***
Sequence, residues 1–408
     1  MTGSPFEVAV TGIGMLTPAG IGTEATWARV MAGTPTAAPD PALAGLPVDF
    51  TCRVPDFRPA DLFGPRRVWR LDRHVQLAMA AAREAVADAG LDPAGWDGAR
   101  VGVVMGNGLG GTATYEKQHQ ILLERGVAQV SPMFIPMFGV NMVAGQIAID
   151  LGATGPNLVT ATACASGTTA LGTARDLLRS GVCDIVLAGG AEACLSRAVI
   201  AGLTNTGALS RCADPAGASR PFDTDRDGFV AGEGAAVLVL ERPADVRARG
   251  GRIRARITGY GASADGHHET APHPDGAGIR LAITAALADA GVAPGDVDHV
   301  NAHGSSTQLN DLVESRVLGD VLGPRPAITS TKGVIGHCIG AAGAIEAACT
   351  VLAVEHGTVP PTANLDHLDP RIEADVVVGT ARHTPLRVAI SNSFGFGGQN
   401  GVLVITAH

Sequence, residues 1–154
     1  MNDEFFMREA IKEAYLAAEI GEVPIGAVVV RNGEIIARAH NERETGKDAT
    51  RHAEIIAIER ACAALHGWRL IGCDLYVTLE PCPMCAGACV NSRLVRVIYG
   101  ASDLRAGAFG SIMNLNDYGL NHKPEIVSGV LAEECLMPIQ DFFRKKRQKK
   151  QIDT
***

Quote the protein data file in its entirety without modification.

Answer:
Sequence, residues 1–408
     1  MTGSPFEVAV TGIGMLTPAG IGTEATWARV MAGTPTAAPD PALAGLPVDF
    51  TCRVPDFRPA DLFGPRRVWR LDRHVQLAMA AAREAVADAG LDPAGWDGAR
   101  VGVVMGNGLG GTATYEKQHQ ILLERGVAQV SPMFIPMFGV NMVAGQIAID
   151  LGATGPNLVT ATACASGTTA LGTARDLLRS GVCDIVLAGG AEACLSRAVI
   201  AGLTNTGALS RCADPAGASR PFDTDRDGFV AGEGAAVLVL ERPADVRARG
   251  GRIRARITGY GASADGHHET APHPDGAGIR LAITAALADA GVAPGDVDHV
   301  NAHGSSTQLN DLVESRVLGD VLGPRPAITS TKGVIGHCIG AAGAIEAACT
   351  VLAVEHGTVP PTANLDHLDP RIEADVVVGT ARHTPLRVAI SNSFGFGGQN
   401  GVLVITAH

Sequence, residues 1–154
     1  MNDEFFMREA IKEAYLAAEI GEVPIGAVVV RNGEIIARAH NERETGKDAT
    51  RHAEIIAIER ACAALHGWRL IGCDLYVTLE PCPMCAGACV NSRLVRVIYG
   101  ASDLRAGAFG SIMNLNDYGL NHKPEIVSGV LAEECLMPIQ DFFRKKRQKK
   151  QIDT